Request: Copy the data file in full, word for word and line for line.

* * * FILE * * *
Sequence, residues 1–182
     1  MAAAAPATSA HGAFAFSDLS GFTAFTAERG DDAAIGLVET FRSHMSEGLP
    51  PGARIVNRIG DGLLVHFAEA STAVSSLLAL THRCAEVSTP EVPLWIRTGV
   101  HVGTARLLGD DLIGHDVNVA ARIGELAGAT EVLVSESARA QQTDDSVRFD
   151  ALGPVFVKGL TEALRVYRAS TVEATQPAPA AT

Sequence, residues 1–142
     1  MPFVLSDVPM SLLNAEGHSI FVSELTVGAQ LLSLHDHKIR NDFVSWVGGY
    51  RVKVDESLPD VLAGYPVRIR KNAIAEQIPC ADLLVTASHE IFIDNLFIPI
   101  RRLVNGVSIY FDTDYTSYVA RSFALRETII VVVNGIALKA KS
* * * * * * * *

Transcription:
Sequence, residues 1–182
     1  MAAAAPATSA HGAFAFSDLS GFTAFTAERG DDAAIGLVET FRSHMSEGLP
    51  PGARIVNRIG DGLLVHFAEA STAVSSLLAL THRCAEVSTP EVPLWIRTGV
   101  HVGTARLLGD DLIGHDVNVA ARIGELAGAT EVLVSESARA QQTDDSVRFD
   151  ALGPVFVKGL TEALRVYRAS TVEATQPAPA AT

Sequence, residues 1–142
     1  MPFVLSDVPM SLLNAEGHSI FVSELTVGAQ LLSLHDHKIR NDFVSWVGGY
    51  RVKVDESLPD VLAGYPVRIR KNAIAEQIPC ADLLVTASHE IFIDNLFIPI
   101  RRLVNGVSIY FDTDYTSYVA RSFALRETII VVVNGIALKA KS